Filing bankruptcy allows you to eliminate your debts - credit cards, car loans, bank loans, medical bills etc. While eliminating these payments will inevitably help your household budget, it won’t change the here and now.
You’ll still be responsible for rent, utilities, insurance, groceries and really all other living expenses. Remember, filing bankruptcy does not change your income. If you made $0/mo. before filing your case, you’ll still be making $0/mo. afterwards. This means that simply stopping paying your unsecured debt so you can make sure your necessities are taken care of will have the same short-term effect as a bankruptcy filing.
Let me illustrate what I mean with an example:
Debbie, a single woman working in the hospitality industry was doing alright, taking home a net income of $2,500/month. Last week, Debbie was laid off. Debbie was able to apply for and start receiving unemployment income of $240 per week or $1,040 per month. Her monthly budget changed as follows:
Option 1: Debbie holds off on filing bankruptcy for now, but stops all credit card payments. Debbie knows she can’t make her credit card payments anymore - she is barely able to figure out a new budget that allows her to keep up with rent, utilities and food. She is considering filing Chapter 7 bankruptcy to help deal with this shortfall.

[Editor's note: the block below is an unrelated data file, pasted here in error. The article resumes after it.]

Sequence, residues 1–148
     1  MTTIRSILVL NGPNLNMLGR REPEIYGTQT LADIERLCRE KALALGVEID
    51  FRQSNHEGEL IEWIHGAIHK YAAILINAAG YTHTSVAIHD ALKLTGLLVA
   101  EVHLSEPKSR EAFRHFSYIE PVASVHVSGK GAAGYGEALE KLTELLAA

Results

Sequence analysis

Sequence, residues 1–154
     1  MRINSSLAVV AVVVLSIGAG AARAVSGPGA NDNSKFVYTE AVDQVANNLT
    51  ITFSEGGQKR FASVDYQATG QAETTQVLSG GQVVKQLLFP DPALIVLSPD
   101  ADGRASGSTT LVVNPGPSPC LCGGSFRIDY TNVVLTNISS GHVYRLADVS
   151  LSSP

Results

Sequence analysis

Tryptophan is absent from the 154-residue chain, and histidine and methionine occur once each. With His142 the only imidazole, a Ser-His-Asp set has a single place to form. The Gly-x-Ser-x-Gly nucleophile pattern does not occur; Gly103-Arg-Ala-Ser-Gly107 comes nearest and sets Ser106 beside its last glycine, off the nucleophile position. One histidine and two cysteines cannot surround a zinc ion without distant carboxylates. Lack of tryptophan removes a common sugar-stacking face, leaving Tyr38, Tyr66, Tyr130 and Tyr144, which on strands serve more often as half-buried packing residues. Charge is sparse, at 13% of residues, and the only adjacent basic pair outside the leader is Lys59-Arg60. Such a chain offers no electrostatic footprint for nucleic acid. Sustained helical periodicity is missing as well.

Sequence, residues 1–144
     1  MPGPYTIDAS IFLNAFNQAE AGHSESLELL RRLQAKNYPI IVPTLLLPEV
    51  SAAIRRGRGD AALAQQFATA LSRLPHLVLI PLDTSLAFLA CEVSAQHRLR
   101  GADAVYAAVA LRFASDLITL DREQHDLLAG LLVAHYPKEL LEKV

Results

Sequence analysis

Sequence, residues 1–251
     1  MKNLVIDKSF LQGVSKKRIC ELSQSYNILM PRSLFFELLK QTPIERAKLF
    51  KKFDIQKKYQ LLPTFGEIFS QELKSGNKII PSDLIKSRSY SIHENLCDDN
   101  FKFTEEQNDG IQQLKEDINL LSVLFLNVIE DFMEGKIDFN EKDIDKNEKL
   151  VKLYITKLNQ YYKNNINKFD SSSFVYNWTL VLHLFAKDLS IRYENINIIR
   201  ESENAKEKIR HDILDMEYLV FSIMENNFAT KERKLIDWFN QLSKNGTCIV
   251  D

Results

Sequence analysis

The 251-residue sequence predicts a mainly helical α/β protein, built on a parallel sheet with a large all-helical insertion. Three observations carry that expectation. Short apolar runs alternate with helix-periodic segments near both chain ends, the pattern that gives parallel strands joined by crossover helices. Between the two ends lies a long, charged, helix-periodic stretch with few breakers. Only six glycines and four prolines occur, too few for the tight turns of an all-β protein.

Option 2: Debbie decides to file for Chapter 7 bankruptcy and, as a result, stops all credit card payments.
Regardless of which option Debbie chooses, her new monthly budget will look like this:
Her monthly expenses exceed her income by $860/mo. Filing Chapter 7 bankruptcy will not increase her income. It will not help her deal with the $860/mo. shortfall. In fact, it won’t change her current situation at all. Since filing a Chapter 7 will provide Debbie neither immediate relief from financial distress nor a fresh start, it’s probably premature for Debbie to file Chapter 7 bankruptcy now.